Reading

Recipe for a Healthy Sick Day

This is the crappiest winter in a long time. Not only is it temperamental both literally and figuratively, it also seems to have a detrimental effect on my body. I’ve been sick since Christmas, which naturally means a lot of annoyance, less exploring and more cancelled trips, and trying to find indoor entertainment. You probably already know what that means. You guessed right: books, books and more books. Although running a quick search on Amazon indicates that people still prefer the extra chill in the dead of winter, this time I chose more light-hearted, healthy ways of distraction by real and fictitious worlds alike.

brysonA Walk In The Woods by Bill Bryson. A genuinely funny non-fiction masterpiece that had a great increase in popularity when it got recently turned into a movie, starring Robert Redford and Nick Nolte. The journal of Bill Bryson’s attempt to walk the Appalachian Trail with his friend Stephen Katz, after discovering the trail goes behind his house quickly became one of my favourite books of late. Bryson is among the best travel writers, and one of my most admired authors. The book is as informative about the trail as it can be, yet it’s dangerous when read in public as it will make you laugh out loud, walk blindly into various obstacles, potentially risking other people’s and your own safety.

shamblingThe Shambling Guide To New York City by Mur Lafferty. You think your job is challenging? Working as a travel writer for a shady and seemingly prejudiced publishing company may not sound too bad, but when it turns out you’re the only human employee and your job is to write a travel guide for the undead, things get more complicated. And that’s just the beginning of it. A well paced, witty and hilarious mainstream debut for the author, also part one of a series of two. A taster: “Rockefeller Centre. The territory was claimed by the Norse but they allow humans to conduct business there as long as they honor a small cutting of the world tree, Yggdrasil, that is raised every midwinter .”

night valeWelcome to Night Vale by Jeffrey Cranor and Joseph Fink. This is niche entertainment at its best. Night Vale started out as a podcast that soon went viral a couple years ago, and since then had a sold out world tour. The stories were in the form of news and bulletins, as if broadcasts on the local community radio, e.g. announcements about the infamous dog park where “a) Dogs are not allowed in the dog park, b) People are not allowed in the dog park, c) Do not look at the hooded figures in the dog park for any period of time”. By the way (depending who you ask) there is no dog park in Night Vale. This is the first novel (in classic format), but the tone is no different. The humour is quirky and meta at times, with a sarcastic take on conspiracy theories and their believers.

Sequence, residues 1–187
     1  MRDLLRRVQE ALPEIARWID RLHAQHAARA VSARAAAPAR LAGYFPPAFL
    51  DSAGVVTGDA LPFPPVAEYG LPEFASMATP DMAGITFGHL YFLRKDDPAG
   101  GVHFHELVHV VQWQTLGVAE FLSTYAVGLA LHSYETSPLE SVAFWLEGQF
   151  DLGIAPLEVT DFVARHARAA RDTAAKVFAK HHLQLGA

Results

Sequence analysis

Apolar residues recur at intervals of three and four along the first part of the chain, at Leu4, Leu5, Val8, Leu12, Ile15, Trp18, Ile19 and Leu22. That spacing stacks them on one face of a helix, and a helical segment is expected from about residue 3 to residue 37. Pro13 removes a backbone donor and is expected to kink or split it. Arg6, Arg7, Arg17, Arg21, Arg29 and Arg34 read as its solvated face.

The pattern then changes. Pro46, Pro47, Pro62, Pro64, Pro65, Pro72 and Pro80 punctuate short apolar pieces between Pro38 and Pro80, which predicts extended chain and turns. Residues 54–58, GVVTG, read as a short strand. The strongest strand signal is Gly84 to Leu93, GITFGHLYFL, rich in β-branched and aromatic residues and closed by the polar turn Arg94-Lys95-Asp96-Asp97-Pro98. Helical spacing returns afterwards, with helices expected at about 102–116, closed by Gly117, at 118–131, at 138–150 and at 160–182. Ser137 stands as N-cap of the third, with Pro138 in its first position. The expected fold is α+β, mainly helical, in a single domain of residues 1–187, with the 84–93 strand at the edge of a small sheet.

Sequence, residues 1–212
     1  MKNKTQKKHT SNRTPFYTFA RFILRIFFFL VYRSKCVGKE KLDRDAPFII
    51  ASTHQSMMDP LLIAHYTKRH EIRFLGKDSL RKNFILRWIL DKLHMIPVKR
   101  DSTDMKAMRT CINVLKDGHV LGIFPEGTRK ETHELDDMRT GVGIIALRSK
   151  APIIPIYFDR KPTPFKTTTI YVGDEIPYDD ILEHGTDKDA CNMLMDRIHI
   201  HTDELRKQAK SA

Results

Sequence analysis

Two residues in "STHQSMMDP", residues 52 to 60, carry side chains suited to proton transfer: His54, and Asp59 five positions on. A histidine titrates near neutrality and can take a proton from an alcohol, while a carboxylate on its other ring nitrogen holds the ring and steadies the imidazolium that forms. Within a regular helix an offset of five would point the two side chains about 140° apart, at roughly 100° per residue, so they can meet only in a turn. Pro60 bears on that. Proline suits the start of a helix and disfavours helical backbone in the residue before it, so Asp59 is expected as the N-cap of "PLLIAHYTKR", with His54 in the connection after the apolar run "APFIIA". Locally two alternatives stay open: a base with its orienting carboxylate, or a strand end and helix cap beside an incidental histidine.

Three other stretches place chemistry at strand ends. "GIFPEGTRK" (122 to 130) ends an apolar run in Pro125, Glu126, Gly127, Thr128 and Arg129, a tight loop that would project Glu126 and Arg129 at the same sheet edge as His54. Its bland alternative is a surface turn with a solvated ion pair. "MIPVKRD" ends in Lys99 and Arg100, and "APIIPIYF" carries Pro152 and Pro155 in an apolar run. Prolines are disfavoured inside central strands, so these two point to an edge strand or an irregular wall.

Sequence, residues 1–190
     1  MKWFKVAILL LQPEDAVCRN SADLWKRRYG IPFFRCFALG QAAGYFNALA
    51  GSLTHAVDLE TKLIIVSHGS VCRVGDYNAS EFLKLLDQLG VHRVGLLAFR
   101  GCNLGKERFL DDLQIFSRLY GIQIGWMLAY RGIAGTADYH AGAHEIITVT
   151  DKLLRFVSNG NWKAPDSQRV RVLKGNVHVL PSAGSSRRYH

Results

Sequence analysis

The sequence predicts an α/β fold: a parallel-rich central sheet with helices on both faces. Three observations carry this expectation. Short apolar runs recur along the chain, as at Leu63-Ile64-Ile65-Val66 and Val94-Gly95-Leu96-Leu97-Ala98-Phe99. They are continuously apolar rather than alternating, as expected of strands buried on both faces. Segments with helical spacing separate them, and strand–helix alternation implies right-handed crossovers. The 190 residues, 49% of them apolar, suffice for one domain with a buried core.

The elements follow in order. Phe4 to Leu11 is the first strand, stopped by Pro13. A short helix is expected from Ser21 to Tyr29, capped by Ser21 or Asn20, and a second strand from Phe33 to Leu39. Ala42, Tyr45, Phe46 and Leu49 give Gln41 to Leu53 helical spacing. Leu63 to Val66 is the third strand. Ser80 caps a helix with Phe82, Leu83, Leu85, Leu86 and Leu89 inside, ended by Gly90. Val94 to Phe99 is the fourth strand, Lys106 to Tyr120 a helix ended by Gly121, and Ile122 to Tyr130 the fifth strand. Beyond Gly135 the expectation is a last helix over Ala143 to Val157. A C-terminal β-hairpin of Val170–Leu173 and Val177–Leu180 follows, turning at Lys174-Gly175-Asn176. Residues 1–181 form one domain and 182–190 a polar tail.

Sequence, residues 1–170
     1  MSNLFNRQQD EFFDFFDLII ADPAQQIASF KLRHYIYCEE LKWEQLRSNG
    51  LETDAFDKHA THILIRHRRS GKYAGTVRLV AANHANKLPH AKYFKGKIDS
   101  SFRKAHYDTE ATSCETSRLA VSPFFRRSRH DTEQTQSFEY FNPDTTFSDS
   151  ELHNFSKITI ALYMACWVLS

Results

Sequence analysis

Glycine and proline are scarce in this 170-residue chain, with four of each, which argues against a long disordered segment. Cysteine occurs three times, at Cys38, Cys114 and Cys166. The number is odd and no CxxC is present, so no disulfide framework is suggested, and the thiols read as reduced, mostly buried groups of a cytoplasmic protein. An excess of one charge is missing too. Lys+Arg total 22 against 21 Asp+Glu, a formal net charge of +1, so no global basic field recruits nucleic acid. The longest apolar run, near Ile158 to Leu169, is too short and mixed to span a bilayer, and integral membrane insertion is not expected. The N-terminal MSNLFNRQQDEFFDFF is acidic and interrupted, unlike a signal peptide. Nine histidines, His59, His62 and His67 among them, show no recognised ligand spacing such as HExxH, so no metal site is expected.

harmonyHarmony Black by Craig Shaefer. Got this one as a pre-release offer on my Kindle. Harmony is rather a morning person and prefers to wear a suit to work and slurp diet coke. She’s also an FBI agent and a practicing witch, and battles supernatural threats against innocents as part of a secret government organisation. You may say we’ve heard similar stories before, yet there is much more to this book. The characters are alive and vivid, and although I’m not a morning person, don’t  wear suits, only drink diet coke if I have no other choice (the jury is still out whether I’m a witch), I could still relate to her.

cupcakeEggs, Butter, Sugar and Disaster by Alicia L. Wright. Take a handful of Seralina, mix in a generous amount of Norse mythology, season to taste with some immortality and add a pinch of talking trees. Seralina became the Goddess of Puddings, not because she intended to, it was more a matter of not paying attention. Now she splits her time between working as a valkyrie in the goddess Freya’s new bar and travelling around the Afterlives and trying not to start Ragnarok by accident. An entertaining tale for fans of mythology, perfect for a little cheering up on your down days.

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I generally steer away from romance as a rule when I’m sick, as they only make me feel more miserable and pathetic sitting in my pyjamas with my hair all frazzled. So humour it is. Not all that mainstream but just as good by any standards. So curl up on the couch with a hot cup of tea or a hot whiskey (for the more adventurous) and enjoy.

Do you agree with my selection? What would be your choice of distraction
on your sick days? Let me know in the comments below.

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